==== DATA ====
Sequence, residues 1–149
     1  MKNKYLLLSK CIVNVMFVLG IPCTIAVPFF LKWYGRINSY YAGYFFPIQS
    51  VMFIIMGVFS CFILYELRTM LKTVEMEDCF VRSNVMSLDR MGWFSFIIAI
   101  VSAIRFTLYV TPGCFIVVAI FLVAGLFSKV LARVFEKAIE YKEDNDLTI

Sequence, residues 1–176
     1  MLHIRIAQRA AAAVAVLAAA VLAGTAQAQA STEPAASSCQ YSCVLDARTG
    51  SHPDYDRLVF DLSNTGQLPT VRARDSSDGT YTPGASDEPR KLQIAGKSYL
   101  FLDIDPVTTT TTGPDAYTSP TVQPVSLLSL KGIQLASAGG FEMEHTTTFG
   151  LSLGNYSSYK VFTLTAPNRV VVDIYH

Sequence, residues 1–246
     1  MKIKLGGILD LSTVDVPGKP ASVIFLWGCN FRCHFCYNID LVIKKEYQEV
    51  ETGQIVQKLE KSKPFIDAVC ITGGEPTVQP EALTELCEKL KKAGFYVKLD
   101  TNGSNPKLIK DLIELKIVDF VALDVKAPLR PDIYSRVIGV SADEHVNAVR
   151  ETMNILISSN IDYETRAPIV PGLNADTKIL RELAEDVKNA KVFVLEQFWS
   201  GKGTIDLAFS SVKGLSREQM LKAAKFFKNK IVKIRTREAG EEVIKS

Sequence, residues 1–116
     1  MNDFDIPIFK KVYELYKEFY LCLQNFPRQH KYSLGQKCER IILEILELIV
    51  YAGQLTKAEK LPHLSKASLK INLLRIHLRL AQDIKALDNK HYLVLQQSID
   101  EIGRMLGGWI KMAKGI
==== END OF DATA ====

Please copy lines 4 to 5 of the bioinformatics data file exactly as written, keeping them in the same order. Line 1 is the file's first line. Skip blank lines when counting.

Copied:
   101  VSAIRFTLYV TPGCFIVVAI FLVAGLFSKV LARVFEKAIE YKEDNDLTI

Sequence, residues 1–176